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The Robbins eagle. (Robbins, Ill.) 1951-1963, April 02, 1955, VILLAGE HOME EDITION, Image 1

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Persistent link: https://chroniclingamerica.loc.gov/lccn/sn2008060212/1955-04-02/ed-1/seq-1/

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First Negro Teacher at B. I. High
Volume III. ROBBINS, ILLINOIS, SATURDAY, APRIL 2, 1955 Trd Year-No. 10
1 ;
Mr. Wright was first elected
by the residents of District 143%
in 1943, and has given untir
ingly of his time and talent
since then. He has helped steer
the district from an unsteady,
poorly organized one to the well
organized, smooth functioning
one we have today. The results
of this hard work have been
very gratifying. Our district has
a very low assessed valuation
and our climb has often been
beset by financial troubles.
Here, briefly is how Robbins’
unprecedented growth has af
fected the district school system:
Robbins, because of its prox
imity to industrial Chicago and
the Calumet area, received quite
an influx of war workers and
their families. The school popu
lation skyrocketed. District
143)4 had 3 school buildings.
Two were in Posen with a total
of 6 rooms, 5 teachers, 2 cus
todians and about 100 students.
Robbins’ Lincoln Memorial
School had 9 rooms (with 2
improvised rooms in the audi
torium making eleven,) 1 prin
cipal, 11 teachers, 1 custodian
and about 550 students. The
teachers' classroom loads were
extremely heavy and made
teaching very difficult. Additional
children soon had us on double
sessions. We found it hard to
pay our way although our bud
get was less than $50,000.
By 1945 we had qualified to
get government aid under the
Lanham Act (a wartime act
to help communities with its
war worker school problems.)
We were given an eight class
room addition, clinic and fur
nishings valued at $140,000; for
which we later paid $16,000.
Double sessions were over.
By 1947 we were back on
double sessions, broke, and the
Lanham Act dead. In the post
war years the school population
teadily increased until all but
grades 7 and 8 were on double
sessions. By 1952, we had paid
off some of our indebtedness and
For Re-election to School Board
were ready to start building
again. We floated bonds to the
amount of $330,000.00 to build
the Thomas J. Kellar School.
Last year our school system
was practically all on double
sessions. We needed more teach
ers, but there was nowhere to
put them. In Posen we had a
superintendent, and a clerk at
our district headquarters. At the
school in Posen we had 2 prin
cipals, 10 teachers, 2 custodians
and 305 students. At Lincoln
Memorial we had 1 principal,
35 teacher's, 2 custodians, 1
truant officer and 1290 children
*u a school designed tor aau
We completed the 14 rooms
at the Kellar School, but were
unable to escape double sessions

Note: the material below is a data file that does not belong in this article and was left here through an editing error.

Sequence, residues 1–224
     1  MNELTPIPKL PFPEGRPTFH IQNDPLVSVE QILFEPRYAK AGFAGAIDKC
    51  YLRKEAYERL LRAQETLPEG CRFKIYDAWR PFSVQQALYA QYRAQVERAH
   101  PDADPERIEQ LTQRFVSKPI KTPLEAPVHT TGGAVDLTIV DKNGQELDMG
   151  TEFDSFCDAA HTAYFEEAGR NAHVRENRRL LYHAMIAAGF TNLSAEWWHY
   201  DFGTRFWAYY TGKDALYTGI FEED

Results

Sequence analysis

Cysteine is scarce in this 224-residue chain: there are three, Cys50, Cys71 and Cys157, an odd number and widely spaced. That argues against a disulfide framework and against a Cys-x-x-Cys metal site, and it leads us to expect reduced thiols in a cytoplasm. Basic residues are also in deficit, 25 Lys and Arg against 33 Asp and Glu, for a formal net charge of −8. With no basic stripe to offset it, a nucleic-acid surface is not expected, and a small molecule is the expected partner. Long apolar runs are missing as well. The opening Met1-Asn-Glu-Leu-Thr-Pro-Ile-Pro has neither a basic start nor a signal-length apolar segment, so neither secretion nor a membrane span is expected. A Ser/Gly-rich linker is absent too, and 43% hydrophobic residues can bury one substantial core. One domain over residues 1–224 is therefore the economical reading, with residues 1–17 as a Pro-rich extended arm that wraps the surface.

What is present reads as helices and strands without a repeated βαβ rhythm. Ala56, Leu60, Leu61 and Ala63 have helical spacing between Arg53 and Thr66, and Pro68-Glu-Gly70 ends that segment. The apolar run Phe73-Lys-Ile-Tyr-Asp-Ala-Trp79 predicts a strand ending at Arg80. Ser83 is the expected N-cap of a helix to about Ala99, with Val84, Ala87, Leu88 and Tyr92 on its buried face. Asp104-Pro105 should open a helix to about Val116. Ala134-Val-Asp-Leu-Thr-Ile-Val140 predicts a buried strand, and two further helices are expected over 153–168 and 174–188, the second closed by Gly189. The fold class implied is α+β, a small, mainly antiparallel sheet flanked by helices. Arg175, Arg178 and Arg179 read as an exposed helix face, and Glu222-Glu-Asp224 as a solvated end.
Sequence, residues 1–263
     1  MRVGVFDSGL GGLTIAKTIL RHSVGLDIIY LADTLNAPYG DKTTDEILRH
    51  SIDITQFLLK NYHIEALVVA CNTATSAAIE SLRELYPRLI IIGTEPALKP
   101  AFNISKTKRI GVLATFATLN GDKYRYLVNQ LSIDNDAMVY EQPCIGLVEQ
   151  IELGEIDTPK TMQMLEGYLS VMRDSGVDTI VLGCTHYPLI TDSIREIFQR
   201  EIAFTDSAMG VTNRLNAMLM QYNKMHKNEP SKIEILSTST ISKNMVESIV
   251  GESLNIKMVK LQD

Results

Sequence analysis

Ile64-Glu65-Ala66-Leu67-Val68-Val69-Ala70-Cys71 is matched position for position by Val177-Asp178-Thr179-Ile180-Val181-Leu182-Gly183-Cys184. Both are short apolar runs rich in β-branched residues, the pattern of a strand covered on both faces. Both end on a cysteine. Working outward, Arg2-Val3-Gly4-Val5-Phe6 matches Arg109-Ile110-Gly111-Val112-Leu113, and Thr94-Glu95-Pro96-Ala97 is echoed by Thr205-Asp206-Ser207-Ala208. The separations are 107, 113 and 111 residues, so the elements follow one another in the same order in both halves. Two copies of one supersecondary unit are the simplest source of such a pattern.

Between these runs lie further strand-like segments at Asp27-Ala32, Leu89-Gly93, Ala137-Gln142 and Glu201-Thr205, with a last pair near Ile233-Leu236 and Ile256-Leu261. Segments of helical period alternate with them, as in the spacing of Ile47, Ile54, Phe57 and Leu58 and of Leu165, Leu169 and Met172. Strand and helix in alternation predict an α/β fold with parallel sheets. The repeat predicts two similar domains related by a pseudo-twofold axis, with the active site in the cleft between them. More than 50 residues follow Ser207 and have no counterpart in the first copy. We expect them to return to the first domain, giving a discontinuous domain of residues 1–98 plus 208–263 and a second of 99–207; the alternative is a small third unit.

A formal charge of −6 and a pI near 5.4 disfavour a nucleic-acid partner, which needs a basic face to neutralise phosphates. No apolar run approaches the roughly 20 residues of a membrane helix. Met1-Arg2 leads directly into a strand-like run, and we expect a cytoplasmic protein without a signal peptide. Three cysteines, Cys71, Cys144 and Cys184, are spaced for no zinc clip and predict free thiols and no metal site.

this time. We hired a new
principal and 11 new teachers.
We made curriculum changes
that were beneficial. We are
currently completing a four
room addition to the Harding
School to relieve overcrowding
We have used all of our pres
ent bonding power.
For Re-election to School Board
We have hired a staff of
competent administrators, espe
cially trained in elementary edu
cation, who, with a faculty of
very good teachers, are giving
us a superb school system.
Today, our annua! budget is !
over $400,000.00, and we are
still growing.
Here is what we have in
Lincoln Memorial School; 17
rooms, 1 principal, 1 assistant
principal, 1 d,erk, 1 truant offi
cer, 2 custodians, 28 teachers,
and 751 students.
Thomas J. Kellar School has
14 rooms, 1 principal, 1 clerk,
2 custodians, 18 teachers and
546 students.
Both schools are in good
repair and open for your in
spection. Look over these, your
schools and attend the splendid
functions they give. This is an
account of my stewardship.
Your vote on April 9th, 1955
will help keep your schools in
good hands by re - electing
George Wright.
Polls open 12 p.m. to 7 p,m.
Even though it is only a prac
tice stint, Mr. Robert Johnson,
of 9233 South Michigan avenue,
Chicago, became the first Negro
teacher to serve in Blue Island
High School. He has been teach
ing American History there for
the past two weeks and will
continue until he has taught
for 6 weeks.. He then returns
to the University of Illinois to
complete four weeks work be
fore graduating. Mr. Johnson
is 23 years old, and attended
Gillispie Elementary School and
Fenger' High before enrolling at
the University of Illinois.
“I like Blue Island High very
much and 1 am grateful for ihe
opportunity to teach here,” ^aid
Mr. Johnson.
Mr. E rnest Lemon, who is
presently a member of the
School Board, District 143%, is
again seeking reelection. He has
proven within the last 3 years
his qualifications as a bond
member by his dynamic, .vet un
assuming personality.
Working in cooperation with
(Continued on page 9)

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